Lysosomal impairment in Parkinson’s disease.

Benjamin Dehay, Marta Martinez-Vicente, Guy A. Caldwell, Kim A. Caldwell, Zhenyue Yue, Mark R. Cookson, Christine Klein, Miquel Vila, Erwan Bezard
Mov Disord.. 2013-04-11; 28(6): 725-732
DOI: 10.1002/mds.25462

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1. Mov Disord. 2013 Jun;28(6):725-32. doi: 10.1002/mds.25462. Epub 2013 Apr 11.

Lysosomal impairment in Parkinson’s disease.

Dehay B(1), Martinez-Vicente M, Caldwell GA, Caldwell KA, Yue Z, Cookson MR,
Klein C, Vila M, Bezard E.

Author information:
(1)Institute of Neurodegenerative Diseases, University of Bordeaux Segalen,
Centre National de Recherche Scientifique Unité Mixte de Recherche 5293,
Bordeaux, France.

Impairment of autophagy-lysosomal pathways (ALPs) is increasingly regarded as a
major pathogenic event in neurodegenerative diseases, including Parkinson’s
disease (PD). ALP alterations are observed in sporadic PD brains and in toxic and
genetic rodent models of PD-related neurodegeneration. In addition, PD-linked
mutations and post-translational modifications of α-synuclein impair its own
lysosomal-mediated degradation, thereby contributing to its accumulation and
aggregation. Furthermore, other PD-related genes, such as leucine-rich repeat
kinase-2 (LRRK2), parkin, and phosphatase and tensin homolog (PTEN)-induced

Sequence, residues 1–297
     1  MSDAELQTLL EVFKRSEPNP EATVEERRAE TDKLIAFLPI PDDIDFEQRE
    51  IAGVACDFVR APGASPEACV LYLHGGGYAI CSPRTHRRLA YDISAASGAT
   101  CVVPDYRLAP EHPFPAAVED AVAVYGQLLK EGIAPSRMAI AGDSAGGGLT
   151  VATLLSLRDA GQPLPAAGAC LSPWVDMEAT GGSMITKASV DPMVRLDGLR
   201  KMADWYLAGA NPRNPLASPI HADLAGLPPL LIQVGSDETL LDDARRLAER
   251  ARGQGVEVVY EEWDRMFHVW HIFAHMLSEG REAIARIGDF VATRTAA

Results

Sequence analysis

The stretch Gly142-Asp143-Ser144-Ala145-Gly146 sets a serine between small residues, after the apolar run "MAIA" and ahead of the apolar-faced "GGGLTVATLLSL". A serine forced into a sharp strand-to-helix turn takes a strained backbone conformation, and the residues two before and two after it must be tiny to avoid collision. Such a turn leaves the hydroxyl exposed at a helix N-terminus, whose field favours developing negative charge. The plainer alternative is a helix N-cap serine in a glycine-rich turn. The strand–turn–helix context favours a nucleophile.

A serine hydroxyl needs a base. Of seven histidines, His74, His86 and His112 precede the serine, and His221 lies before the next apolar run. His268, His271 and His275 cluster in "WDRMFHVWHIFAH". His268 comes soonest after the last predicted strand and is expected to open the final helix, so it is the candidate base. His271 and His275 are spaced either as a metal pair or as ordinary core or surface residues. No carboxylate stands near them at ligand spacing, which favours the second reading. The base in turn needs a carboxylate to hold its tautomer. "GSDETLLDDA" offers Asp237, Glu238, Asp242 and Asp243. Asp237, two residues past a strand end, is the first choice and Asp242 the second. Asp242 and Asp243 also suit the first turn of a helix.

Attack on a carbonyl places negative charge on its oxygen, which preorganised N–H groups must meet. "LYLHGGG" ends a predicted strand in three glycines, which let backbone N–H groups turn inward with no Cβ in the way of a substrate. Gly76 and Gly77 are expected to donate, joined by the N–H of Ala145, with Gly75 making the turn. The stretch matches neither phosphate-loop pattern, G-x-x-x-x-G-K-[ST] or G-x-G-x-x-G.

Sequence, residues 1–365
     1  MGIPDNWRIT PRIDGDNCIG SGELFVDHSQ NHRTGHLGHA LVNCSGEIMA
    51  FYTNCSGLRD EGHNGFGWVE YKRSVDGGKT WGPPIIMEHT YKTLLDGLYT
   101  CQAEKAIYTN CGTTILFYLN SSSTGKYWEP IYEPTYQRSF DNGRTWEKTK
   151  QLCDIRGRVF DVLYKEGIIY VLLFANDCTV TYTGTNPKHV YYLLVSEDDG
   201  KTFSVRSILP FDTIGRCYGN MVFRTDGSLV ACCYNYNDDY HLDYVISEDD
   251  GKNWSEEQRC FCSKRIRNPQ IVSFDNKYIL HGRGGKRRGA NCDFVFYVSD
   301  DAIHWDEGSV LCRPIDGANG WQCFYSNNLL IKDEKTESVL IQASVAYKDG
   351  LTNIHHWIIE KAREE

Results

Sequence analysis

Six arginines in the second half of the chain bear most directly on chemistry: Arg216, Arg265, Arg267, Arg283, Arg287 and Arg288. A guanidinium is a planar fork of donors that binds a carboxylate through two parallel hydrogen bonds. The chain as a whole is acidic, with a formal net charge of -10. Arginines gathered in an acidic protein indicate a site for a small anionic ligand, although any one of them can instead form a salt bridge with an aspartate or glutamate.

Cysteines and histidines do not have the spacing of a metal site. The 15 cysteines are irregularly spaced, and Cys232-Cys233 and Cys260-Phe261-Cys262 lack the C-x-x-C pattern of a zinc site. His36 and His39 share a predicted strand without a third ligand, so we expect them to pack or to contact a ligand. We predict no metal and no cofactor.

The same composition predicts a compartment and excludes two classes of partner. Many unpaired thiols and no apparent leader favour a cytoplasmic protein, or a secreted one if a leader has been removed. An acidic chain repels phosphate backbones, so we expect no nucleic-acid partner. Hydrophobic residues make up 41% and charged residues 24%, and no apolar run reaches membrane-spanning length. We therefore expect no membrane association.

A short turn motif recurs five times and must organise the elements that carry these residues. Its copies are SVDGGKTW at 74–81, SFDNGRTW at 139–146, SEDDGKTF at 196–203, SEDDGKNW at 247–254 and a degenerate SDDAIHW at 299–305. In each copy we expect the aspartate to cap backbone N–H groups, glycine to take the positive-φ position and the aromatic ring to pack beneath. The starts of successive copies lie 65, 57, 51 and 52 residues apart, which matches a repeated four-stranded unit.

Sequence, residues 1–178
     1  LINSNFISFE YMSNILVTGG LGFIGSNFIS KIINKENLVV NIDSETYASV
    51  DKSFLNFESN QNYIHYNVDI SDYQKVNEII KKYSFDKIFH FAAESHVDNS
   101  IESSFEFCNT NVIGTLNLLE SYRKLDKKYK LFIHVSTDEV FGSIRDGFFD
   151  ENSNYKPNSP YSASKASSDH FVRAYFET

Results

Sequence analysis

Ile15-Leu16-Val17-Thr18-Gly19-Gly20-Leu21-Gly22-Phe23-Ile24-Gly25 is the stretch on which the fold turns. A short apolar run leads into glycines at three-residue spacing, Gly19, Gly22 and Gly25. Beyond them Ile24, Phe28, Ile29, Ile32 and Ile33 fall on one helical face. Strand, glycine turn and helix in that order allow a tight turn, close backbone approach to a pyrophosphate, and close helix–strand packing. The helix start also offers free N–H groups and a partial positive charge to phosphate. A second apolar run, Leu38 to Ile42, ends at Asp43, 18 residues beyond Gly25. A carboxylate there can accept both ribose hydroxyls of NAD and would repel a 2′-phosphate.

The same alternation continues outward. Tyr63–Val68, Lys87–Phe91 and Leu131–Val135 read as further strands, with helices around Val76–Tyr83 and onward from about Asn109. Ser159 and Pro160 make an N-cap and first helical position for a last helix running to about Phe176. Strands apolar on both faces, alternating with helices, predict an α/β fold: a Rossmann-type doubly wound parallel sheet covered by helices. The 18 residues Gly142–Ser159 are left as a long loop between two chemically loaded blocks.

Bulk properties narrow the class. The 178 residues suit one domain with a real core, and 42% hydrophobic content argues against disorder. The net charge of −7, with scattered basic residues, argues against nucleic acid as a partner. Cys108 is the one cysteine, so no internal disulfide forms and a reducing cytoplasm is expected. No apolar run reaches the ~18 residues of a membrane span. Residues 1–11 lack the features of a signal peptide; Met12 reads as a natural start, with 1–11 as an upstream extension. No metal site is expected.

putative kinase 1 (PINK1), have been mechanistically linked to alterations in
ALPs. Conversely, mutations in lysosomal-related genes, such as
glucocerebrosidase (GBA) and lysosomal type 5 P-type ATPase (ATP13A2), have been
linked to PD. New data offer mechanistic molecular evidence for such a
connection, unraveling a causal link between lysosomal impairment, α-synuclein
accumulation, and neurotoxicity. First, PD-related GBA deficiency/mutations
initiate a positive feedback loop in which reduced lysosomal function leads to
α-synuclein accumulation, which, in turn, further decreases lysosomal GBA
activity by impairing the trafficking of GBA from the endoplasmic reticulum-Golgi
to lysosomes, leading to neurodegeneration. Second, PD-related
mutations/deficiency in the ATP13A2 gene lead to a general lysosomal impairment
characterized by lysosomal membrane instability, impaired lysosomal
acidification, decreased processing of lysosomal enzymes, reduced degradation of
lysosomal substrates, and diminished clearance of autophagosomes, collectively
contributing to α-synuclein accumulation and cell death. According to these new
findings, primary lysosomal defects could potentially account for Lewy body
formation and neurodegeneration in PD, laying the groundwork for the prospective
development of new neuroprotective/disease-modifying therapeutic strategies aimed
at restoring lysosomal levels and function.

Copyright © 2013 Movement Disorder Society.

DOI: 10.1002/mds.25462
PMCID: PMC5131721
PMID: 23580333 [Indexed for MEDLINE]

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